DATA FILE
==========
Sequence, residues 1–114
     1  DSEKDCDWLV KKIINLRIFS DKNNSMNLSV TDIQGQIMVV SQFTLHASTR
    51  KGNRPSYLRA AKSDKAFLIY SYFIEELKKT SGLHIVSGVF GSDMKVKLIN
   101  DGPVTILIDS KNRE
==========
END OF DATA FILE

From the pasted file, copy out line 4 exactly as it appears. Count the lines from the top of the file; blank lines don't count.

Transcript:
   101  DGPVTILIDS KNRE